Welcome to Mo-Drash ... the weird confluence of the Jewish tradition of Midrash and me!

What is Midrash? Literally, the word derives from the Hebrew root that expresses interpretation. Figuratively, it is the process by which Jews read between the lines of our sacred stories and seek insight from what we discover from each story, verse, word, letter and stroke of the pen.

Who am I? My name is Adam Morris, but known by many as Rabbi Mo. I spend a lot of my time serving in the role of rabbi, but I am also a husband, a dad, a runner and a 'weekend' craftsman (among other things). I try to move like Abraham to find my Place ... to wrestle like Jacob to know my Place ... and to snicker like Sarah to keep me in my Place.

B'makom she-ani omayd (from The Place where I stand),
Rabbi Mo

Wednesday, February 13, 2013

You Shouldn't Have, Really! - Terumah 5773

What got me thinking in this week’s Torah portion is: What God was thinking? ... but I’ll get there in a moment.

As the calendar winds around towards Valentine’s Day and and even though it is not a big day on the Jewish calendar, there is a spiritual aspect of relationship that this ‘Hallmark’ created day brings to light. In preparation for Valentine’s Day Couples are considering what to give or not to give to one another. In the actual exchange of gifts between the millions of people who do so on Valentine’s Day, the odds are that a fair percentage of these millions will deal with unmet expectations. After all of the proper and polite responses and expression of gratitude for what the gift in question may be - the receiver of said gift will turn inward and internally ask the age old questions: What was she/he thinking?! If she/he knows me at all, if she/he loves, then how or why would they choose this gift for me?  You shouldn't have! No really, you shouldn't have.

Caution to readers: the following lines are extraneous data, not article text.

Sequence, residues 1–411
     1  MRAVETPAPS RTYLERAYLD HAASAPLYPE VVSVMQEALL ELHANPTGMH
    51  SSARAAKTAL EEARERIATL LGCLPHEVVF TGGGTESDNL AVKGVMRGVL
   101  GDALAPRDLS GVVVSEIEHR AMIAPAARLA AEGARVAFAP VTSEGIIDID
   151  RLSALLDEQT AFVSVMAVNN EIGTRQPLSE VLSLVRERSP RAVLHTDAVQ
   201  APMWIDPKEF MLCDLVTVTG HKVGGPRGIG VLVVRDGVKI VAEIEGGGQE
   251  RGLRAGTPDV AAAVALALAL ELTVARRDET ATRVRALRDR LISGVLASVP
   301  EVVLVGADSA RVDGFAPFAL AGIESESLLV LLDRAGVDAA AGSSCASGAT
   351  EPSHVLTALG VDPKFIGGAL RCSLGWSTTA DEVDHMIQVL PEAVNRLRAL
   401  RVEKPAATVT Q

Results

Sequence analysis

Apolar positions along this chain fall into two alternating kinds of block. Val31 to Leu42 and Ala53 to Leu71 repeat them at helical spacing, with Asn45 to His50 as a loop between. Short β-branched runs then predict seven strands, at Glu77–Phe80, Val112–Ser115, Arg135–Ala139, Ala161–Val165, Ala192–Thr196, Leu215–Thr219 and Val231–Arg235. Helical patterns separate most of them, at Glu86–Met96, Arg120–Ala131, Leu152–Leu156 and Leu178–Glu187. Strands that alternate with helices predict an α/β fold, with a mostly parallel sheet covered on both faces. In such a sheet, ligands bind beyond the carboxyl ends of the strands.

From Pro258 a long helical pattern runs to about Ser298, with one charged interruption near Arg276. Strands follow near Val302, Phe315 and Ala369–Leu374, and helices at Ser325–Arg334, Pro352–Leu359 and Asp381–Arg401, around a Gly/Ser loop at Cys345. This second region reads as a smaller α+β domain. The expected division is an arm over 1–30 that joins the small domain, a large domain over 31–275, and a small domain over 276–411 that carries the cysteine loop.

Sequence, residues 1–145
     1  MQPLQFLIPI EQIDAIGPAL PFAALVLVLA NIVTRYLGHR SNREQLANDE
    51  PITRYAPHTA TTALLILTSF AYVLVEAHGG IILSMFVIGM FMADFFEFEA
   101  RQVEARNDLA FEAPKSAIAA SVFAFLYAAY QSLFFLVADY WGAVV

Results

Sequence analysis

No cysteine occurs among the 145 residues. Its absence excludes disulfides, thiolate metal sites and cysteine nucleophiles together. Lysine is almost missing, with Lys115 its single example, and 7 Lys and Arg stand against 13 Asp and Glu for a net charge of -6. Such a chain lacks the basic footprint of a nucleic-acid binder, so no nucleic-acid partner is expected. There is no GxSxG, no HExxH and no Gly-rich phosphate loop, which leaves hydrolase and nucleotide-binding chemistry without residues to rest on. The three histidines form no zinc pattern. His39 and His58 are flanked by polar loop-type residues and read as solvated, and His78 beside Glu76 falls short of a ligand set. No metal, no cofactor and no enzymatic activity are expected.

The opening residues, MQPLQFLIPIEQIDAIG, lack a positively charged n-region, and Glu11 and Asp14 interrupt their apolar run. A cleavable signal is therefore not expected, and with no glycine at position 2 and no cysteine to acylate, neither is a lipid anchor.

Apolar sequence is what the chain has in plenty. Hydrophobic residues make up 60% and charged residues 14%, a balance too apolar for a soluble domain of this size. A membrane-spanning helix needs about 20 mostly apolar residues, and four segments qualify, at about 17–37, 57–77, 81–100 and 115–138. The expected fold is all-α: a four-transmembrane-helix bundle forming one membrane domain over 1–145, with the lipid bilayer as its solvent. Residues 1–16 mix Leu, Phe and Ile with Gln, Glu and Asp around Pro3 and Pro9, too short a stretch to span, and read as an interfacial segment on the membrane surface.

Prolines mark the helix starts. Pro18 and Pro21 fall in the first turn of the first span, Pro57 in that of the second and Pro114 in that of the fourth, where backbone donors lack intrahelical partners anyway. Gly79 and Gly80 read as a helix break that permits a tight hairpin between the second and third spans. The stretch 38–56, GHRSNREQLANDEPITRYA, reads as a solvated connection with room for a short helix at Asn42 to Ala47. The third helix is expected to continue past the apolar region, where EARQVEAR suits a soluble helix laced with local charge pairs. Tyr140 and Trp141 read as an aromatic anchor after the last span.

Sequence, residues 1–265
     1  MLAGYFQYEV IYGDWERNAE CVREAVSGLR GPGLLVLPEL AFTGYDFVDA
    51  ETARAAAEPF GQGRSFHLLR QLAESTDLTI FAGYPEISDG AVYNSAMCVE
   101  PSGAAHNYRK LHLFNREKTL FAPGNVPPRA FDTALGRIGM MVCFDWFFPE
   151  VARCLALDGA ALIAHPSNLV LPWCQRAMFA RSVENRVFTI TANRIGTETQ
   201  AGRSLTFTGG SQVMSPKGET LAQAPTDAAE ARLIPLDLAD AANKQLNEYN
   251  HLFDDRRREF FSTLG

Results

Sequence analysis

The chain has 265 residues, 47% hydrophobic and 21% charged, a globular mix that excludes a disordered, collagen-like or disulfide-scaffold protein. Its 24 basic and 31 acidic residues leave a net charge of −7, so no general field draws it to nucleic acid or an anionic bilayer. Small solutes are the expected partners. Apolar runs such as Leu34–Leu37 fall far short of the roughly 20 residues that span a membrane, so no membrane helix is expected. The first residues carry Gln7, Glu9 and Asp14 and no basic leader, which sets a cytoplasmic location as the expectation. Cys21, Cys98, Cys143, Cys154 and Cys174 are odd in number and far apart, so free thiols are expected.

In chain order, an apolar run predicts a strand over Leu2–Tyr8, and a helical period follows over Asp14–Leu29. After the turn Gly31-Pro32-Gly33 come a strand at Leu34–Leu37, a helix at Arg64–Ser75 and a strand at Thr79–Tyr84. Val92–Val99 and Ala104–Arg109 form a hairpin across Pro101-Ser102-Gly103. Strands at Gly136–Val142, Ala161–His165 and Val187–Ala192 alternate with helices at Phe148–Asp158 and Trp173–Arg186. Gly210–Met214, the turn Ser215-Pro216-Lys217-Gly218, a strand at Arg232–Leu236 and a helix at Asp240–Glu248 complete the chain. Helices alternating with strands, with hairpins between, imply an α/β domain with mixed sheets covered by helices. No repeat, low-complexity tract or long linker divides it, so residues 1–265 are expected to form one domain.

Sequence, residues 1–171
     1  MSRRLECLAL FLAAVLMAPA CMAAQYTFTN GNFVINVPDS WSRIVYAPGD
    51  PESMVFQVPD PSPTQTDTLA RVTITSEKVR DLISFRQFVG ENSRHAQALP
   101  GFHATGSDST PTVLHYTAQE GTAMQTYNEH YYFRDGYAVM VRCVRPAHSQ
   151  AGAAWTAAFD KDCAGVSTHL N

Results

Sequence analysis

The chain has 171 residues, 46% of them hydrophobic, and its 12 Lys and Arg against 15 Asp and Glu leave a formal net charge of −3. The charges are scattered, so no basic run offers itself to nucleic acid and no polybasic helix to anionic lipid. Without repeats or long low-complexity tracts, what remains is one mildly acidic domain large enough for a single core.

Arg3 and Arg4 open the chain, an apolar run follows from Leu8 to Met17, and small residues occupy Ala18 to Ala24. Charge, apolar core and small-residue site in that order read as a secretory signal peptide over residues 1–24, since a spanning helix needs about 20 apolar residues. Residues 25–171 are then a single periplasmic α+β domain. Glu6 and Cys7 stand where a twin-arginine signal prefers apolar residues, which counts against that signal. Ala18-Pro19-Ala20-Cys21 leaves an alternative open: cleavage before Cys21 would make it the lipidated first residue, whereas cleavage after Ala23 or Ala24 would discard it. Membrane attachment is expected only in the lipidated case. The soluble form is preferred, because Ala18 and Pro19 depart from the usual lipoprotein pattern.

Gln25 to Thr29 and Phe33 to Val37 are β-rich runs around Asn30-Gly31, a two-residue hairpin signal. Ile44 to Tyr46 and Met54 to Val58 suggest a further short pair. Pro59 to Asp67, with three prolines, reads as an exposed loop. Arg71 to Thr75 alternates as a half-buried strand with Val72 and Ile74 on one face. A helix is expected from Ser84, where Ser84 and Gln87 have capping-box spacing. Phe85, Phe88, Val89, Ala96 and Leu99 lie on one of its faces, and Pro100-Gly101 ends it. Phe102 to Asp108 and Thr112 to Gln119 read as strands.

Shallow, you say? To be so ungrateful for such gifts from another? I believe this happens to us all of the time in the course of relationship ... and in deeper ways than the exchange of elegantly wrapped doodads. We look to others to meet our expectations and our needs ... and often decide only within the narrow confines of our expectations and needs the proper measuring stick of our loved ones response. We keep a scorecard - not necessarily with malice - but a tally of how they respond. The metric may be time, words, gestures, decisions or even actual wrapped gifts. And often as we review this ongoing scorecard, we find ourselves far behind in this game we play.

Now onto: What was God was thinking? This week’s Torah portion is called: Terumah - from the book of Exodus. Following their direct encounter with God at Sinai, the Israelites accept the terms of the commandments that Moses offers them on God’s behalf. God now wants the people to ‘Make Me a Sanctuary, so that I may dwell among them.’ Through Moses, God instructs each person to bring a Terumah - a gift - for the construction of this place where God will dwell among them. So, they are building a pretty important place. A place for the deity/entity/being who just kicked some serious Egyptian butt and saved them from generations of slavery. A place that will serve as a conduit for them to maintain a connection to this deity/entity/being who at their Sinai rendezvous revealed to the people an opportunity to glimpse at the mystery and reality of the universe. Speaking of expecting some pretty serious gifts ...

And yet, the expectation for the gift is not so high at all (or maybe it is). The Torah describes that the gifts shall be accepted from those ‘who hearts so move them’. It is not simply that God does not expect incredible gifts from everyone, it is that God does not expect gifts from everyone? (Not even a thank you note!) God only expects what each person would genuinely give. Even if that gift is way less than what they should give. Even if that gift is no gift. It is only an acceptable gift - no matter its quantity or quality - when it comes from one whose heart so moves him or her.

Perhaps it is something worthwhile (and challenging) to consider, as we look to those we love and through our needs and expectations determine what ‘gifts’ we expect from them. In the process of building a place where divinity dwells, the only expectation - was in essence - the willingness to receive whatever was wholeheartedly offered. In building the Sanctuary, it was more than enough ... in our lives with those we love, can it be the same for us?

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